(via Bruce Schneier’s security blog)
As the headling says, a suit has been filed against Compaq (now HP) for false advertising.Ã‚Â Michael Crooker is suing Compaq for advertising a feature called DriveLock, purported to make the hard drive unreadable without the proper password.Ã‚Â After Mr. Crooker had his apartment searched by the bureau of Alcohol, Tobacco, and Firearms (ATF), his laptop was taken.Ã‚Â Later, data from the hard drive was used in a later search of his e-mail account.
He bought it in September 2002, expressly because it had a feature called DriveLock, which freezes up the hard drive if you donÃ‚Â´t have the proper password.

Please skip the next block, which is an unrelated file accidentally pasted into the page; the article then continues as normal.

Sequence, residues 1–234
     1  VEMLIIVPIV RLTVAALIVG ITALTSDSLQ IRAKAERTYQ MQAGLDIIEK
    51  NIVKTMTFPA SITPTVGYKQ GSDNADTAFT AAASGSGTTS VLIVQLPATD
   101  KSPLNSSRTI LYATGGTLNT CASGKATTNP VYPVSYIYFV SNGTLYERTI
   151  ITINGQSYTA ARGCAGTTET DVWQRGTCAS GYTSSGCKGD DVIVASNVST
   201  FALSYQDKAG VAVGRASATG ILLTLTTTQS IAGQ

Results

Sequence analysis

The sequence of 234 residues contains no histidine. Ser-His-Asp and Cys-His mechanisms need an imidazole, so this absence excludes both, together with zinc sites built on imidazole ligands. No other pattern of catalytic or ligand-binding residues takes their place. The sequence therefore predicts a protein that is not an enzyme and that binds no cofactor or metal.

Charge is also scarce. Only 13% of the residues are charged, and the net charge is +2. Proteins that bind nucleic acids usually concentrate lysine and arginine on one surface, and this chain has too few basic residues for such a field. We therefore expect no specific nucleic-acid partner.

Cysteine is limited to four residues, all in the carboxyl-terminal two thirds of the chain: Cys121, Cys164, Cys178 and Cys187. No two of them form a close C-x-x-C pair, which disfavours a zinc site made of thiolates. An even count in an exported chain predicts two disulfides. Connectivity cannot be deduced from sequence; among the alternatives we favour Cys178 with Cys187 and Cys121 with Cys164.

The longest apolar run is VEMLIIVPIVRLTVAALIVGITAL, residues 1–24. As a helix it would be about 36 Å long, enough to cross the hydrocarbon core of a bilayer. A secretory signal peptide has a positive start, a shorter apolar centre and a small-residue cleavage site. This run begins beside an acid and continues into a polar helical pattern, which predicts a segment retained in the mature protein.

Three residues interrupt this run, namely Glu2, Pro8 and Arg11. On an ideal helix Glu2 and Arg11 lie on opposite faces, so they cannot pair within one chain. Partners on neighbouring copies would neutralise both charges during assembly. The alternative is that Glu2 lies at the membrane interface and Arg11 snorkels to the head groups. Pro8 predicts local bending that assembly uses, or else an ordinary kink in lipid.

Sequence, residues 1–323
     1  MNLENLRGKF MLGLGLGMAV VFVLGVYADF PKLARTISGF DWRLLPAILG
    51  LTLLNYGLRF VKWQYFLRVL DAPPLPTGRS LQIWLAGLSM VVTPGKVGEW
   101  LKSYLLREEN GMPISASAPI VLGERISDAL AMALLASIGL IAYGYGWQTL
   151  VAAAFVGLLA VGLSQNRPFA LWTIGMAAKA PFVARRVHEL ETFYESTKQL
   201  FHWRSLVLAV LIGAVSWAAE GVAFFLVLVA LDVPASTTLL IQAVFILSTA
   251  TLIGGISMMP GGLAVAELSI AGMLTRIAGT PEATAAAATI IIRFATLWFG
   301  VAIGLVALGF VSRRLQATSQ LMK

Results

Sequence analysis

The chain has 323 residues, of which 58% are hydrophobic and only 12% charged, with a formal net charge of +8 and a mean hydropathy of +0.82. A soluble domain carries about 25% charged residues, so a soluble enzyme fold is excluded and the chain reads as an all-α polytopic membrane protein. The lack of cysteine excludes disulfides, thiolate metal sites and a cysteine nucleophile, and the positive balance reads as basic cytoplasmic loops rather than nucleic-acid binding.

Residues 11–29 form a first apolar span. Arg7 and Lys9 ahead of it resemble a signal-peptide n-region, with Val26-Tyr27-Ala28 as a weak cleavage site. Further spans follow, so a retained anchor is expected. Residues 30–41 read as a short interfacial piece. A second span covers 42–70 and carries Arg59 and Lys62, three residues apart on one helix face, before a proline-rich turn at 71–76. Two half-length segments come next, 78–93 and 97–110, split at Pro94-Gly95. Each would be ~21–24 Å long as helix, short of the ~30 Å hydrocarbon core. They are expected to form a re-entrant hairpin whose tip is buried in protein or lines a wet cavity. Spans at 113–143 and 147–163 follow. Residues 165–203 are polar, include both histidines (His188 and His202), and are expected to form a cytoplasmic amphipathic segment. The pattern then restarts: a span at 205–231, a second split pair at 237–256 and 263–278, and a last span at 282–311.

The computerÃ‚Â´s manual claims that Ã‚Â¨if one were to lose his Master Password and his User Password, then the hard drive is useless and the data cannot be resurrected even by CompaqÃ‚Â´s headquarters staff,Ã‚Â¨ Crooker wrote in the suit.
. . .
The FBI had broken through DriveLock and accessed his e-mails (both deleted and not) as well as lists of websites heÃ‚Â´d visited and other information. The only files they couldnÃ‚Â´t read were ones heÃ‚Â´d encrypted using Wexcrypt, a software program freely available on the Internet.
I’ll let you make your own decision about whether or not normal people should have access to security software of this type.Ã‚Â I will say I view personal access to cryptography software to be as important as personal access to firearms.Ã‚Â You, of course, don’t have to share my view, but if you don’t, I’d be interested in hearing why in the comments.